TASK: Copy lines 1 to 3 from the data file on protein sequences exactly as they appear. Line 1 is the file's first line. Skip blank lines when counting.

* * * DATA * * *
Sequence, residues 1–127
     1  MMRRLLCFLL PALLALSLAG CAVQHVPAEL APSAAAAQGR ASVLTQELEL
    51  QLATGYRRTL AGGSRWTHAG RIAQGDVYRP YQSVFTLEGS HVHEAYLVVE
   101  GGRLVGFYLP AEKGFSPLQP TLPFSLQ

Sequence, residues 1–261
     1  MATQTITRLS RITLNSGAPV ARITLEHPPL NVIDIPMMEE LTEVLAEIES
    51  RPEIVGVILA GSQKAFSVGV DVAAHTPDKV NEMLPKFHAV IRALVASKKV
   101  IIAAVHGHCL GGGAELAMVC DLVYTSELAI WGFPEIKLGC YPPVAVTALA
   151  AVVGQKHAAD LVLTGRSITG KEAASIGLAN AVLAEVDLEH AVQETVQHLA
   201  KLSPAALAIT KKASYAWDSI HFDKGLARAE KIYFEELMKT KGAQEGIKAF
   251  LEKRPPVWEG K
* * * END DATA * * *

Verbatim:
Sequence, residues 1–127
     1  MMRRLLCFLL PALLALSLAG CAVQHVPAEL APSAAAAQGR ASVLTQELEL
    51  QLATGYRRTL AGGSRWTHAG RIAQGDVYRP YQSVFTLEGS HVHEAYLVVE